LN: I used to sit outside on the fire escape of the tenement I lived in and listen to the radio. And I used to listen to Frankie everyday from Monday through Friday. One day I decided he had to meet me because I was an original. I bought him a black plain t-shirt and wrote his name on it in rhinestones and ventured down to the radio station to meet him. I waited in the lobby for him for five hours and the parking lot attendant asked me to go get him a soda from the store. I did and when I came back I saw Frankie leaving down the street in his car. I was crushed for about 2 minutes but I came back the next morning. That actually worked in my favor because when I got there Frankie was waiting for me and took me into the station, gave me a tour, then gave me records and concert tickets. I went back to the station everyday for the next week. His assistant decided to put me to work and that is how I got the job.
The music scene was amazing and WBLS was doing stuff musically that was fresh and innovative. Frankie was breaking all the programming rules by programming Frank Sinatra back to back with Marvin Gaye and Celia Cruz. I loved music and had a great ear. I also listened to different radio stations so I would tell Frankie and his assistant Wanda Ramos (who would go on to put WKTU on the map) about songs I heard like Elton John's "Daniel" or Billy Joel's "Just the way you are" which got added to the play list. I also was a quick learner so I went from opening the mail and answering phones to being an assistant music director by the time I was 17 years old. It was a great influence on me. I learned the business of show through the radio show.
AC: At 18 you were at the top of the New York radio food chain. Why did you move to LA?
LN: Because I wanted to be a movie star like everybody else. I moved out to LA with $500 in my pocket and no clue. But God takes care of babies and fools. As soon as I came out to LA, Casablanca Records co-founder Cecil Holmes offered me a job at the company and I learned a lot about marketing and promotions.
AC: Tell us about your years in the record business in LA.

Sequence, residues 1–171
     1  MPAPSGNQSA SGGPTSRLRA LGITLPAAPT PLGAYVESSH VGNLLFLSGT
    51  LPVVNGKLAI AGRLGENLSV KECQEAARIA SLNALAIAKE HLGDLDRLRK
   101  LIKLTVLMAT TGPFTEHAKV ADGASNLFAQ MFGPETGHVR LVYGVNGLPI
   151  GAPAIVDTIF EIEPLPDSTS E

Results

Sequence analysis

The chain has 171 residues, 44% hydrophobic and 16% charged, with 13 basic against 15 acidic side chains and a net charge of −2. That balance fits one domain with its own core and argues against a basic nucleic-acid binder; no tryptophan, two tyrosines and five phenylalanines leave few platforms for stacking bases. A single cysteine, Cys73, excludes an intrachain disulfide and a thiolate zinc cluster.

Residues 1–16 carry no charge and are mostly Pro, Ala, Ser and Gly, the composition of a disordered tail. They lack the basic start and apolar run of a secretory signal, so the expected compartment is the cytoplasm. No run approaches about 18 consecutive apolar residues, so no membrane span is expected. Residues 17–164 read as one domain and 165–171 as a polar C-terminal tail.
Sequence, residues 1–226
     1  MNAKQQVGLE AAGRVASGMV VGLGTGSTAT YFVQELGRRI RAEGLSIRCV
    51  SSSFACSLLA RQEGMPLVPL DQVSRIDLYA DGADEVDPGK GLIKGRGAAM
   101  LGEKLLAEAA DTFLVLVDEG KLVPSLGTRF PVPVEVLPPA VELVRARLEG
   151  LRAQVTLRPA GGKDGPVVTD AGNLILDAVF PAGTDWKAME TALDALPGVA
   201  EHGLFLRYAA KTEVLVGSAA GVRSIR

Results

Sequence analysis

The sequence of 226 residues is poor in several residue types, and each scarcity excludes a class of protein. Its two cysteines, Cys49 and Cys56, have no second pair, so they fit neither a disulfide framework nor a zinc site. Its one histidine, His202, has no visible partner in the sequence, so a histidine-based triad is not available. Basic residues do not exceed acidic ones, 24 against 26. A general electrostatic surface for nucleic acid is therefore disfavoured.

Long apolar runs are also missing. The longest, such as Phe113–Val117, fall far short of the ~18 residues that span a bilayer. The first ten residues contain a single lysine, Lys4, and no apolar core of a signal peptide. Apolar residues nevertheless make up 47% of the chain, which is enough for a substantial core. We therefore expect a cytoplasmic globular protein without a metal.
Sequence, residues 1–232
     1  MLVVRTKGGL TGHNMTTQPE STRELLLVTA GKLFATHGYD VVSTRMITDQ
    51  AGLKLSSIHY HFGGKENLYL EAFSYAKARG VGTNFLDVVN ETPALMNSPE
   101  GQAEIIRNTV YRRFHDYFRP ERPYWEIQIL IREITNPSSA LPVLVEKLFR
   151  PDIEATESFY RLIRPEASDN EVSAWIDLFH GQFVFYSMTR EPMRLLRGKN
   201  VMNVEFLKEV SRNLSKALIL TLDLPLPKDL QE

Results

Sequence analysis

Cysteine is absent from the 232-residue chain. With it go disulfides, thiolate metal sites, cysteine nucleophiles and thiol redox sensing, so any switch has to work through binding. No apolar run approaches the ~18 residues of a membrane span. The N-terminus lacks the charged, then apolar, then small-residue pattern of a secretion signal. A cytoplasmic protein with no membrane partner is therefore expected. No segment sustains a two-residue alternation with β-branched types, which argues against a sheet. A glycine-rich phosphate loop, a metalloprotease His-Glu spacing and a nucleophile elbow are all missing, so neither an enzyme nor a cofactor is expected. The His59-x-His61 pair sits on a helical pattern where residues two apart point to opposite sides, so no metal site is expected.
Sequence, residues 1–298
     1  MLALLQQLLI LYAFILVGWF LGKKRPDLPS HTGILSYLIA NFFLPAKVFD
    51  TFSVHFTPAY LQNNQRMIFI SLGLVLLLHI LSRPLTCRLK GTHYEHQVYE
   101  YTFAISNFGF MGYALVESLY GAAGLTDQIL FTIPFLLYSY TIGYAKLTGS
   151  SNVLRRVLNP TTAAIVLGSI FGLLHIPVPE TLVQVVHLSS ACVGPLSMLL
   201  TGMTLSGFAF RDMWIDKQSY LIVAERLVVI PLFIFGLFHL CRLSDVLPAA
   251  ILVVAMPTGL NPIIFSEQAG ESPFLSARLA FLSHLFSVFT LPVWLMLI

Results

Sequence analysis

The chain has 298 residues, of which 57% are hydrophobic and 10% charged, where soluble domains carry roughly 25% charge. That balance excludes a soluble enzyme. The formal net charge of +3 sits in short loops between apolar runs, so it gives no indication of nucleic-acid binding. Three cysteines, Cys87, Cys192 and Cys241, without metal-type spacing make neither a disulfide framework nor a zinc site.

LN: My years in the record business were wonderful. I got to work with wonderful recording artists, wonderful and crazy record executives, and I got to program radio and get high ratings. I loved it.
AC: After being on the business side of things, why acting? Which acting platform do you prefer (film, TV, stage) and why?
LN: Although I love the music business, I love acting and performing the most. I don't have a preference, they each offer different things. Theater is immediate and film records your performance forever.
AC: During your 25 years as an actor, what was your greatest acting success and biggest disappointment?
LN: I have many great successes but one of my favorites was working with Robert Redford and director Adrian Lynne on Indecent Proposal. The director gave me carte blanche to do what I wanted to. I got to sit next to Robert for two days and ask him all kind of questions.
My greatest disappointment was being judged by my last name and not by my talent. When I first started going out on auditions I had a casting assistant refuse to let me read to play an Egyptian character because she looked at my picture and saw my last name and thought I was Mexican. And I, being totally naive, said to her, "I'm not Mexican, I don't even eat tacos." I realized that I had to do something about people judging me before I came into the room so I changed my last name from Fernandez to Nicole. And I have never regretted my decision.